There is a lot of information on eating healthy and a lot of confusion to go along with it. What is certain is that we all know that we are supposed to eat healthy. Before we can do that, though, we need to understand what this means. Breastcancer.org gives an excellent, simple definition, one that is applicable to all people, not just cancer patients, of what eating healthy means:
“Healthy eating means eating a variety of foods that give you the nutrients you need to maintain your health, feel good, and have energy. These nutrients include protein, carbohydrates, fat, water, vitamins, and minerals.”
While this definition is simple, putting it into practice is a difficult task for many people. For seniors, it may be particularly difficult for two reasons: they may have physical limitations that prevent them from preparing food regularly and they may believe they cannot afford to. However, the same strategies that can be applied by a working mother or a busy single father to get healthy food quickly, easily, and inexpensively on the table can be applied by a senior with limitations on a budget.
Tackling Time and Physical Limitations
Plan, plan, and plan some more—that is the secret to a regular, healthy lifestyle. When not feeling well, it is very easy to resort to fast, processed, convenience foods, and these foods rarely match the definition of healthy eating. A better approach to avoid resorting to unhealthy foods and snacks is to take some time one day a week to plan meals. This takes the guesswork out of daily meal preparation.
Making a large quantity of food at one time easily cuts down on the amount of work involved in meal preparation; this can then be portioned into individual serving containers to freeze for later consumption. Homemade TV dinners are healthy alternatives to buying food out of a box. One-pot meals, such as soups and stews, are easy to prepare; do not dirty many dishes, so cleanup is easy; and freeze extremely well. Alternatively, when preparing a meal, always make extra servings freeze the rest for later. This has an added advantage for seniors whose caregivers may not come for every meal: if the caregiver prepares extra for the meals when they are present, the senior will have extra meals for those times when they are on their own.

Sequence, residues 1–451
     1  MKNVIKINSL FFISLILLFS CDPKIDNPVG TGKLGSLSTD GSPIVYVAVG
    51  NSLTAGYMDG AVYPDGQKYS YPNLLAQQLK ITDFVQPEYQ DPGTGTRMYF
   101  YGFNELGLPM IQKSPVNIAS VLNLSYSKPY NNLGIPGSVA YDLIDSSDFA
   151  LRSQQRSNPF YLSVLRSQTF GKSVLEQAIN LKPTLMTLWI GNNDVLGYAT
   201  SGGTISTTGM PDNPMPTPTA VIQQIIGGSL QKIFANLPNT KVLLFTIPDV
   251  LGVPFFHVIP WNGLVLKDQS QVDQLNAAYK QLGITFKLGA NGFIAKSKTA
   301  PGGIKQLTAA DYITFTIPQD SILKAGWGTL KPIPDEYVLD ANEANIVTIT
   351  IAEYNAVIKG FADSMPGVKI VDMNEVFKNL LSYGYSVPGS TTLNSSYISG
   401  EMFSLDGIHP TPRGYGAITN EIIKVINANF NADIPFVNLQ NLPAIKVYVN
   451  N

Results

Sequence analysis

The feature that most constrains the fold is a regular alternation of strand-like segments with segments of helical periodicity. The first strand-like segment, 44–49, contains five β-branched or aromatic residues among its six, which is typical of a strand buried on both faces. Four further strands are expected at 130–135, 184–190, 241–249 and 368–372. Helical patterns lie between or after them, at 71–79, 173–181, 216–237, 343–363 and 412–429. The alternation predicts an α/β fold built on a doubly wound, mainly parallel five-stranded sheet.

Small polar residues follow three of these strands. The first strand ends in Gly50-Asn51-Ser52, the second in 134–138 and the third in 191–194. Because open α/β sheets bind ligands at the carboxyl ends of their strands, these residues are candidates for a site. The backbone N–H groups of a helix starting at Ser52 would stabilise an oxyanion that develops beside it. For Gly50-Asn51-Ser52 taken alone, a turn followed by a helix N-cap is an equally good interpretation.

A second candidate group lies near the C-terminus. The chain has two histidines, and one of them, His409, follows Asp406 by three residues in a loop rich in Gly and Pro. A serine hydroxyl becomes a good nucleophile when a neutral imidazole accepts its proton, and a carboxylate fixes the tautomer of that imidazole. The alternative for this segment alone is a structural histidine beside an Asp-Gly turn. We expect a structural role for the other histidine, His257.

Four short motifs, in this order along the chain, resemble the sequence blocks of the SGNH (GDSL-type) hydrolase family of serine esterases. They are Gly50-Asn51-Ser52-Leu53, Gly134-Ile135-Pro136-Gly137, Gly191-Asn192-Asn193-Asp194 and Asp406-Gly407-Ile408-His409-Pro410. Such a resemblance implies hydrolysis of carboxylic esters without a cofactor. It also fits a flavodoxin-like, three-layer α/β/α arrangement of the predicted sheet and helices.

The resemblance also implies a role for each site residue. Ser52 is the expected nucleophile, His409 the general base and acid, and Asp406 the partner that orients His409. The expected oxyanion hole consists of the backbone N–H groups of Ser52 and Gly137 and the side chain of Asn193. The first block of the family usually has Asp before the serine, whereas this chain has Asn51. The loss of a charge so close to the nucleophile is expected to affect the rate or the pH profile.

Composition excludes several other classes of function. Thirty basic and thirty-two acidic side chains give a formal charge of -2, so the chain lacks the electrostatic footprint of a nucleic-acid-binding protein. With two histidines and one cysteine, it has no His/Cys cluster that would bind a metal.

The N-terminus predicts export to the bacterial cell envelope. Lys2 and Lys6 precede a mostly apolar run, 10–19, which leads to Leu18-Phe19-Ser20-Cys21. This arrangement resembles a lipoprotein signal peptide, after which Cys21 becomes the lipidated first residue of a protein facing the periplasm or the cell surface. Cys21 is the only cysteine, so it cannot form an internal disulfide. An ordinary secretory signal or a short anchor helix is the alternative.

Another strategy is to be sure items that do not require cooking are on hand. Have a stock of whole-grain, no-added-sugar cereals available. Honey or fruit can add sweetness if the senior does not have any medical history that precludes the use of sugars. Make sure that ready-to-eat fresh fruits and vegetables are available for snacking. Try to buy “the rainbow” when shopping; look for leafy green vegetables, and bright orange, red, yellow, and purple vegetables and fruits so the senior has a colorful plate and gets a variety of nutrients. Dried fruits are also healthy choices, but the senior should eat them in moderation as these are basically concentrated forms of the fruit and therefore high in sugar.
Staying Within a Budget
Many seniors are on a fixed budget and need to watch their overall expenses. When you are shopping for foods with your senior, shop the perimeter of the store where the fresh foods are displayed and buy fruits and vegetables in season. (Out-of-season produce is always more expensive.) Unhealthier, processed foods are strategically located directly in the middle of the store so that you need to walk past these foods to get to popular fresh products such as dairy or cheeses, increasing the chance that you will buy the unhealthier products. Be aware of this and shop smartly; you can buy nearly everything you need in the fresh food departments around the perimeter of the store.